College Towns Fuel The Pandemic

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Brianna Whipple, Staff Writer

Despite the rapid growth of Covid-19 cases around the country, college kids continue to party and have mass gatherings. They refuse to follow simple guidelines, one of the biggest being social distancing, enforced by their colleges as directed by the CDC. Nineteen out of the twenty-five biggest outbreaks in the United States lead back to college towns. Some of these colleges include Washington State, Georgia Southern, Florida State, University of Georgia, and University of Mississippi. According to citizens in Lafayette County, Mississippi, the community has seen “how [re]lax student behavior” can spread the virus. In June, a mass outbreak in the town was tied back to Greek Life Sorority recruitment. 

To try to decrease students from continuing to break guidelines, citations are being given out to those who violate social distancing rules. In addition, most universities are requiring students to quarantine to stop the spread of the virus. At Indiana University, three-fourths of Greek Sorority houses on campus were quarantined by administrators and suggested remaining students vacate the dorms to find a new place to live. Some college students are choosing to protest this decision. At the University of Michigan, graduate students formed a three day strike refusing to teach undergraduates over the university’s response to the virus. 

Some universities have decided to switch to online instruction and send students home. By doing this, the spread of the virus will decrease in college communities, but increase in the spread across the country when students return to their hometowns. Local officials from college boards say that they “fear both for students infected and the cities and counties they’re living in.” Dr. John Paschen, the chair of Story County’s Health Board in Iowa, reveals research that “a rise in cases among people forty-five years and older shows the hotspot is spreading from the Iowa State campus.” Students are putting elderly citizens living in close proximity to their college towns at a higher risk.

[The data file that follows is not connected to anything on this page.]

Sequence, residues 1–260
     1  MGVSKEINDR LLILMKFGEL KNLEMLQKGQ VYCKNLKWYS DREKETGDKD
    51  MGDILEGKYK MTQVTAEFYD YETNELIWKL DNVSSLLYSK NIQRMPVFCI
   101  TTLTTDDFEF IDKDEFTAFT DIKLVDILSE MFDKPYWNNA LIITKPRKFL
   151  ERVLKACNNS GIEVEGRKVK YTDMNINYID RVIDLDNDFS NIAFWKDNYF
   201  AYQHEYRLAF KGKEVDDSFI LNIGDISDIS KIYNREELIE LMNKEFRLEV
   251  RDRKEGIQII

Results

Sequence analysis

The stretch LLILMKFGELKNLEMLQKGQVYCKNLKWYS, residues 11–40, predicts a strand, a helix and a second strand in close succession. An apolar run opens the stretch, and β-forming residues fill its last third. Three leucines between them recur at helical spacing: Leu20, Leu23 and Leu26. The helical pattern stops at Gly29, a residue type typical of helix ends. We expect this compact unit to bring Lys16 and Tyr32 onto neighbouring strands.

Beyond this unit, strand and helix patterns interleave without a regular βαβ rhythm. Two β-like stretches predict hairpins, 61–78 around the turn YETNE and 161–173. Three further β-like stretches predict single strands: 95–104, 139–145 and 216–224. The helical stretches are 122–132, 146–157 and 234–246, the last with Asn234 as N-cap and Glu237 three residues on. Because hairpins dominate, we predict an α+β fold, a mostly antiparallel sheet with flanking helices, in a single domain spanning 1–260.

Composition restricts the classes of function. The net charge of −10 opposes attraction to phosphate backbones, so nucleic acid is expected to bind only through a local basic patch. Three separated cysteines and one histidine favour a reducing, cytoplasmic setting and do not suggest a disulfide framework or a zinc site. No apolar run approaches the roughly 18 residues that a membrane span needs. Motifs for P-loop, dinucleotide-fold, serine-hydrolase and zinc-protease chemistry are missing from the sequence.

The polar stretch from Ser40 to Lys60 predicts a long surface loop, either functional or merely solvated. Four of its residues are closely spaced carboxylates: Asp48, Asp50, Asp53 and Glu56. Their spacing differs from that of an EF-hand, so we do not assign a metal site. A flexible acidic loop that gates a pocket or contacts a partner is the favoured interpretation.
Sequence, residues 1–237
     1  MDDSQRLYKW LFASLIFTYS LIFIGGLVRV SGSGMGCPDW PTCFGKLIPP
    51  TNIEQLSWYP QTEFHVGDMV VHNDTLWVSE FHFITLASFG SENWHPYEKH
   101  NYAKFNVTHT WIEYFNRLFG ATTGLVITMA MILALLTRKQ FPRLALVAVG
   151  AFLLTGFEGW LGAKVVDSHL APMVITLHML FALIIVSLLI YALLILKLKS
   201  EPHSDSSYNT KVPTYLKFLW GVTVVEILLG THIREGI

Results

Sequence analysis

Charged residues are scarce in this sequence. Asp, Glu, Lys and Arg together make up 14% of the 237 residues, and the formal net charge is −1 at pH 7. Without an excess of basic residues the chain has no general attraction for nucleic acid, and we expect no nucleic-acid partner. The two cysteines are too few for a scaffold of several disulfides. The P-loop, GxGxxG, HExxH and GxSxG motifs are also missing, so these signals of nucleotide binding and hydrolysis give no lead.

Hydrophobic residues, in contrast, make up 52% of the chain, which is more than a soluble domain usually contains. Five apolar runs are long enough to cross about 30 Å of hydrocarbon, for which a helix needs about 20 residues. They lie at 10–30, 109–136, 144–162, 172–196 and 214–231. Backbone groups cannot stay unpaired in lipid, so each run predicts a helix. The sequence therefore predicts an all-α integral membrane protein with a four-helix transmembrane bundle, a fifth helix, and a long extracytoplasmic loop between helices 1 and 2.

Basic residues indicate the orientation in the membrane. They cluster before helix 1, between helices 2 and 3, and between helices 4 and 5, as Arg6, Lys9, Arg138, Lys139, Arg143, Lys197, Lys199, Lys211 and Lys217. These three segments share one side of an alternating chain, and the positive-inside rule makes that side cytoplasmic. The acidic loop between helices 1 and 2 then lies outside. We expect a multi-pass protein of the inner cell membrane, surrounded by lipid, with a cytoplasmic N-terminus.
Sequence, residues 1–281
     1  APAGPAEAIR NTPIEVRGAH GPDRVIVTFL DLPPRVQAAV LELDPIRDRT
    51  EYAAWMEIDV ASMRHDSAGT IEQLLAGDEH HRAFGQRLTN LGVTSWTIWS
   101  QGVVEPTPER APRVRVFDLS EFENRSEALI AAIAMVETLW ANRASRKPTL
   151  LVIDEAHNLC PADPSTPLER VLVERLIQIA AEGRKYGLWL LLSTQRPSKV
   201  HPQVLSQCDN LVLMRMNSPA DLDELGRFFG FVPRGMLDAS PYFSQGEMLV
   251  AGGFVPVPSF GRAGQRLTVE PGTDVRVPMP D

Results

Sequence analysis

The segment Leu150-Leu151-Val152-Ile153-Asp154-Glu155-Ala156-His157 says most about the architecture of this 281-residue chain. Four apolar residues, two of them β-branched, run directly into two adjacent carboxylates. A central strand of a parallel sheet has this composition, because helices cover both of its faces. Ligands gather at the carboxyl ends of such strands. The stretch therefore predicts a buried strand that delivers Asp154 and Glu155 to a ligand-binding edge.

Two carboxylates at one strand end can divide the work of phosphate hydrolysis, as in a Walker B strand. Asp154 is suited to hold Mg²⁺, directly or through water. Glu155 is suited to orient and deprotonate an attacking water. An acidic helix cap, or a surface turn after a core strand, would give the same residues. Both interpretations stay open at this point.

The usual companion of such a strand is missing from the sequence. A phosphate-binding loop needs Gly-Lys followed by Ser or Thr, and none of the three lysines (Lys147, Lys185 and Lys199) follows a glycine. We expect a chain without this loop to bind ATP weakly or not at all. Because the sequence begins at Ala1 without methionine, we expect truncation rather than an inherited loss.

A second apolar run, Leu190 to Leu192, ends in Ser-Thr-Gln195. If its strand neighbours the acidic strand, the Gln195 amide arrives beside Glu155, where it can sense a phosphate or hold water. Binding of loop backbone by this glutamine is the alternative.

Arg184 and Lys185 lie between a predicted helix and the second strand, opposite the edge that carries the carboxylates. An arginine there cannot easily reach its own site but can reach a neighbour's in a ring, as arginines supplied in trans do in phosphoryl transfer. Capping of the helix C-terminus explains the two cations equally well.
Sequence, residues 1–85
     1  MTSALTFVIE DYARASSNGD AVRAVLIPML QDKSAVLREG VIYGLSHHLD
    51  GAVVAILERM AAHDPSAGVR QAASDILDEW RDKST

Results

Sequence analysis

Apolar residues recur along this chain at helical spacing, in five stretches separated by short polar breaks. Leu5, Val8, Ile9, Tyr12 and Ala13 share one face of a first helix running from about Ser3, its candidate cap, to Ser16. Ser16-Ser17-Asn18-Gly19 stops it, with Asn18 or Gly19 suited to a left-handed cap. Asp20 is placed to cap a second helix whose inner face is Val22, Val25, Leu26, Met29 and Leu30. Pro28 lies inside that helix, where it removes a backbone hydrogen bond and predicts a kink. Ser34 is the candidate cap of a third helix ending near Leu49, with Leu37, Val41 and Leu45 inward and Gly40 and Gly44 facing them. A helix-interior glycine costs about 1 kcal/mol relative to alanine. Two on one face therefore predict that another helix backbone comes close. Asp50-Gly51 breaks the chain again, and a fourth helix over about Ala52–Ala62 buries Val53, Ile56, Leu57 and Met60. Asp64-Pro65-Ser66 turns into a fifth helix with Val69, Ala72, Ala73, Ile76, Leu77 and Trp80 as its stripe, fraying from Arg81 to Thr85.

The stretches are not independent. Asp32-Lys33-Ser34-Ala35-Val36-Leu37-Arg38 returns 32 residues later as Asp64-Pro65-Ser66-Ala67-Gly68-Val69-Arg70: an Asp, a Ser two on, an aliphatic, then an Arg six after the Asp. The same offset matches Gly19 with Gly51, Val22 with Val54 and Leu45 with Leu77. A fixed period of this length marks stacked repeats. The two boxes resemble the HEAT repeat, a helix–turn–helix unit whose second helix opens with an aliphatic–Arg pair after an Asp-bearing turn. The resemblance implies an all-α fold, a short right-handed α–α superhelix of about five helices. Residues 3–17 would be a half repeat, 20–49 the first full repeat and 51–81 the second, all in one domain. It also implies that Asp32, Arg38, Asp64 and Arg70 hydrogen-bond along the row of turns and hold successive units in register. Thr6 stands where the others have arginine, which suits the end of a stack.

Most of these college students are either trying to do the right thing or underestimating the danger of gathering in large groups and ignoring social distancing guidelines. College students are failing to see the extreme risks of catching the virus which results in college towns being a major hotspot for Covid cases and the mass outbreaks in them. This failed precaution adds fuel to the fire of the ongoing pandemic and spread of the virus.